updated 7/21/2006 9:23:11 PM ET 2006-07-22T01:23:11

A judge ruled Friday that a 16-year-old boy fighting to use alternative treatment for his cancer must report to a hospital by Tuesday and accept treatment that doctors deem necessary, the family’s attorney said.

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The judge also found Starchild Abraham Cherrix’s parents were neglectful for allowing him to pursue alternative treatment of a sugar-free, organic diet and herbal supplements supervised by a clinic in Mexico, lawyer John Stepanovich said.

Jay and Rose Cherrix of Chincoteague on Virginia’s Eastern Shore must continue to share custody of their son with the Accomack County Department of Social Services, as the judge had previously ordered, Stepanovich said.

The parents were devastated by the new order and planned to appeal, the lawyer said.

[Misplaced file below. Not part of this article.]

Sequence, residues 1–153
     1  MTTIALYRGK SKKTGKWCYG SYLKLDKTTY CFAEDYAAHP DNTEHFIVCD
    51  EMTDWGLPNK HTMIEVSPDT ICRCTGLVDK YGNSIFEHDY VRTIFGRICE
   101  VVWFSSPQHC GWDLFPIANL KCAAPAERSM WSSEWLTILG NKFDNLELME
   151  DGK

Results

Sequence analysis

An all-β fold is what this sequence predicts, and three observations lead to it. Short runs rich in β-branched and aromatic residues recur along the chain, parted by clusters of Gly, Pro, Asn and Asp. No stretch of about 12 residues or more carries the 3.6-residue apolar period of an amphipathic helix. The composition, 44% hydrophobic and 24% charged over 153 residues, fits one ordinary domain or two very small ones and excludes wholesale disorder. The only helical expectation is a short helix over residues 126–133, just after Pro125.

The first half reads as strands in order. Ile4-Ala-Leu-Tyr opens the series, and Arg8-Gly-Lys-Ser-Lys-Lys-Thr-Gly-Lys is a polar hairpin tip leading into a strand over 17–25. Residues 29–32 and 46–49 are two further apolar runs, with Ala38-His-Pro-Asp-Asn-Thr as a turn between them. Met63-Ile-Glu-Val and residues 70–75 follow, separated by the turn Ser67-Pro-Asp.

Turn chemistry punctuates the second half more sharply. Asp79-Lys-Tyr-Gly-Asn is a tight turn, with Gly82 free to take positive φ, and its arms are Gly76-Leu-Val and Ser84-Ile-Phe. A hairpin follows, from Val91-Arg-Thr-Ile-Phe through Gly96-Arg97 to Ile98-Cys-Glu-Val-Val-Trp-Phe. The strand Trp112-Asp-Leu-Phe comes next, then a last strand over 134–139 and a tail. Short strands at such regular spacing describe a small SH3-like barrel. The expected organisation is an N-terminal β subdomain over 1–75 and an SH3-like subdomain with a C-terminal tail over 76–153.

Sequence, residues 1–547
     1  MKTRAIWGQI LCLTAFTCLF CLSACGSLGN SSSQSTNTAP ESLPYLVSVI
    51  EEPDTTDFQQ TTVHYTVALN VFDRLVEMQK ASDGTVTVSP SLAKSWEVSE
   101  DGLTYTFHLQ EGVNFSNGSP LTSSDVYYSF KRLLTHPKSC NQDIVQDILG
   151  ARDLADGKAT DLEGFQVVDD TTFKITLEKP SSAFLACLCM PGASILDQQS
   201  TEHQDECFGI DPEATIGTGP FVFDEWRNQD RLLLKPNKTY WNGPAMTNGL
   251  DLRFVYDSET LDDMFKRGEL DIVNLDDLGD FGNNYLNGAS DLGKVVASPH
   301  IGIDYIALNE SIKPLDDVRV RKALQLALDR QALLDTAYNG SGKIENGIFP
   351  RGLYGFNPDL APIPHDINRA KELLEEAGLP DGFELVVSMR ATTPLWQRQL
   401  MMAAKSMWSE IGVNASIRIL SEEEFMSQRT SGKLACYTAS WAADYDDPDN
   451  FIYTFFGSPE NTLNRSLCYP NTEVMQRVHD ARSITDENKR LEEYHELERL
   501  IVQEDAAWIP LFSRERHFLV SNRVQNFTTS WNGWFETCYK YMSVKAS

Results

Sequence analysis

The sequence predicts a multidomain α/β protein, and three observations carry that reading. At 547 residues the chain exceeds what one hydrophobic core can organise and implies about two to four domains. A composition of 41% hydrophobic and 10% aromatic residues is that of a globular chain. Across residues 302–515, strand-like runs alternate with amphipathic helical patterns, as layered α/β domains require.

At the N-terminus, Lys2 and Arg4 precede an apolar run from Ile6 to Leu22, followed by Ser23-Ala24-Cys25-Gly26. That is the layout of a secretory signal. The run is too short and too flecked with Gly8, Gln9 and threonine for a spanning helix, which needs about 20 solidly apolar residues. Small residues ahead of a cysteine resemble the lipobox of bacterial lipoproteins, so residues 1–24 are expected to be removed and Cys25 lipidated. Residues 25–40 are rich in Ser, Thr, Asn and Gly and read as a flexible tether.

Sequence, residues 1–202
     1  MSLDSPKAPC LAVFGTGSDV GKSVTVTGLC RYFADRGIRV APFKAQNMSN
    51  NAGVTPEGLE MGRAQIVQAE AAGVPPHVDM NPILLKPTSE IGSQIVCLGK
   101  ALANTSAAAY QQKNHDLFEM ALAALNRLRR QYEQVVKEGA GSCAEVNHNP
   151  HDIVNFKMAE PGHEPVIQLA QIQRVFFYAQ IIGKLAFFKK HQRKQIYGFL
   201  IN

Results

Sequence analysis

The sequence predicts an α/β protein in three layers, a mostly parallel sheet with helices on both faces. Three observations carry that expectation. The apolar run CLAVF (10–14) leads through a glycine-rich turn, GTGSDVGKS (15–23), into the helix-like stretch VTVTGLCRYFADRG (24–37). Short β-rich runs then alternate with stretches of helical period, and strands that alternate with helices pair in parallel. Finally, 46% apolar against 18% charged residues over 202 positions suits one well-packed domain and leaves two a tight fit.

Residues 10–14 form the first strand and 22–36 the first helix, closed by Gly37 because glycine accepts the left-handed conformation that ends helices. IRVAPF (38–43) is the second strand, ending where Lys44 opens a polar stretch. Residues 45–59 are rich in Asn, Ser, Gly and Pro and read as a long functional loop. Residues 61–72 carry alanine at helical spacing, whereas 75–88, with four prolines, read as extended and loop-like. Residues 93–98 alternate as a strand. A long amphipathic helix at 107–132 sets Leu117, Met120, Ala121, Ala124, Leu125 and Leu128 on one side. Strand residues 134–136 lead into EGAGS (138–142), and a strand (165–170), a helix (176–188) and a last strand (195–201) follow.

Stepanovich said he will ask a higher court on Monday to stay enforcement of the order, which requires the parents to take Abraham to Children’s Hospital of the King’s Daughters in Norfolk and to give the oncologist their written legal consent to treat their son for Hodgkin’s disease.

“I want to caution all parents of Virginia: Look out, because Social Services may be pounding on your door next when they disagree with the decision you’ve made about the health care of your child,” Stepanovich said.

Phone calls to the Cherrix home went unanswered.

The lawyer declined to release the ruling, saying juvenile court Judge Jesse E. Demps has sealed much of the case.

Social Services officials have declined to comment, citing privacy laws.

After three months of chemotherapy last year made him nauseated and weak, Abraham rejected doctors’ recommendations to go through a second round when he learned early this year that his Hodgkin’s disease, a cancer of the lymph nodes, was active again.

A social worker then asked a judge to require the teen to continue conventional treatment. In May, the judge issued a temporary order finding Abraham’s parents neglectful and awarding partial custody to the county, with Abraham continuing to live at home with his four siblings.

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